I hang out with my Oregon friends Dylan and Holly two or three times a week. On Monday nights we download and watch the latest episode of Mad Men from iTunes because we don’t have cable, on Tuesdays we go to one of the several Mexican restaurants in our part of town for cheap tacos, and usually at least one evening out of the weekend is spent together in close proximity to pizza and alcohol. This, kids, is what happens after you graduate from college and move away: Now that you no longer live within walking distance of 30 drinking buddies, you begin to get very close to the friends you have, whether they want you in their life that much or not.
Dylan and Holly are a power couple – they started dating in December of our freshman year at the University of Oregon, making their relationship roughly as old as this blog (although far more consistent in terms of quality.) I, with my somewhat spotty dating record, can scarcely wrap my head around the concept of having a significant other in your life for that long without them donating your DVDs to charity or humiliating you at your senior prom or revealing that they’ve had a secret boyfriend at the US Naval Academy for the duration of your relationship (all true stories!), but I think Dylan and Holly have made it all these years for two reasons:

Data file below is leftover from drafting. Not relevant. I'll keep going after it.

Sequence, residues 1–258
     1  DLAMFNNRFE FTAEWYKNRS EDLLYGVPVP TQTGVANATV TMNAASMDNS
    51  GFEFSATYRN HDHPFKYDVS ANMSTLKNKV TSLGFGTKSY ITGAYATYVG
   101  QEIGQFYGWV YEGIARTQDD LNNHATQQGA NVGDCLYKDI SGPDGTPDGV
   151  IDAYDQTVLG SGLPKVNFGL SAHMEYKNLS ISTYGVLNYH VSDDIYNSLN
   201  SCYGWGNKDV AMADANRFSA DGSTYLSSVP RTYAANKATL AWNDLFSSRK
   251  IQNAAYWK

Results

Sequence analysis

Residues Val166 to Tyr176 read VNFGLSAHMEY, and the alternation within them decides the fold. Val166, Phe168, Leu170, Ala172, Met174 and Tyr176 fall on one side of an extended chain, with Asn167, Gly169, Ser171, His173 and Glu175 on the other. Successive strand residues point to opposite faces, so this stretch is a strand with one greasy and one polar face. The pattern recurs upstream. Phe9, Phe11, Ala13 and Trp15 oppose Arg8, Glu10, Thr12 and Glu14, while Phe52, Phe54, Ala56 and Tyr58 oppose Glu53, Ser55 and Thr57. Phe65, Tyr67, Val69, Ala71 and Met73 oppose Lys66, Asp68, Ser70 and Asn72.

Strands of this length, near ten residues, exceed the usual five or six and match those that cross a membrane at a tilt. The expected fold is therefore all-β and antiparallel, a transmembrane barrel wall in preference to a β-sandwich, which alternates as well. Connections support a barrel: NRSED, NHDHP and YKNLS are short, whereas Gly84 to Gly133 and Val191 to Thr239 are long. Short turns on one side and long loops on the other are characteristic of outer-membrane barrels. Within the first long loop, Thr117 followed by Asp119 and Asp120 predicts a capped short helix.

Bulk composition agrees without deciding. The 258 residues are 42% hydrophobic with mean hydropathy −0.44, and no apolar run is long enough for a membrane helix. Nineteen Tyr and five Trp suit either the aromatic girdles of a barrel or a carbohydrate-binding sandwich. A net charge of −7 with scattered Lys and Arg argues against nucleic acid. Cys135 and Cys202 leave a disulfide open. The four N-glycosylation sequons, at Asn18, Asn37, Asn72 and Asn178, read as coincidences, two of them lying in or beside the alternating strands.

1) Both of them are significantly more mature than I am, and
2) They work out any latent aggression toward one another through relentless, brutal, unending competition.
Both Dylan and Holly played sports in high school and, in college, each tried to outdo the other with extracurricular activities and classes. On top of all that, there’s the constant games – in virtually every competitive board or video game, these two are constantly going head to head, working out whatever subconscious frustrations they may have with one another by aggressively trash talking and trying to drive the other to ruin in a friendly game of Bananagrams.
This usually spells disaster for me, because a sibling-free childhood and an adolescence full of arts rather than sports has made me a fairly noncompetitive person. I do not have an unending thirst for victory in all things. In most games I play I lack the willingness to give it all up for the big win because I simply don’t care enough – Coach Bombay would not be pleased, at least in the first 80 minutes of The Mighty Ducks.
It’s good that I don’t care if I win or lose, because I lose a lot when I play against Dylan and Holly, whose entire lives together have essentially been a grueling, four year crucible of competitive things. When I join in any of their reindeer games, the best I can usually hope for is third place – and I’m okay with that.
That all ended two weeks ago when, after watching Mad Men, Dylan said, “Oh, yeah, we downloaded Mario Kart 64 on the Wii. You want to play a round?”
Long dormant fires ignited deep within me. I nodded curtly, grabbed the Gamecube-style controller, and began flexing my thumbs.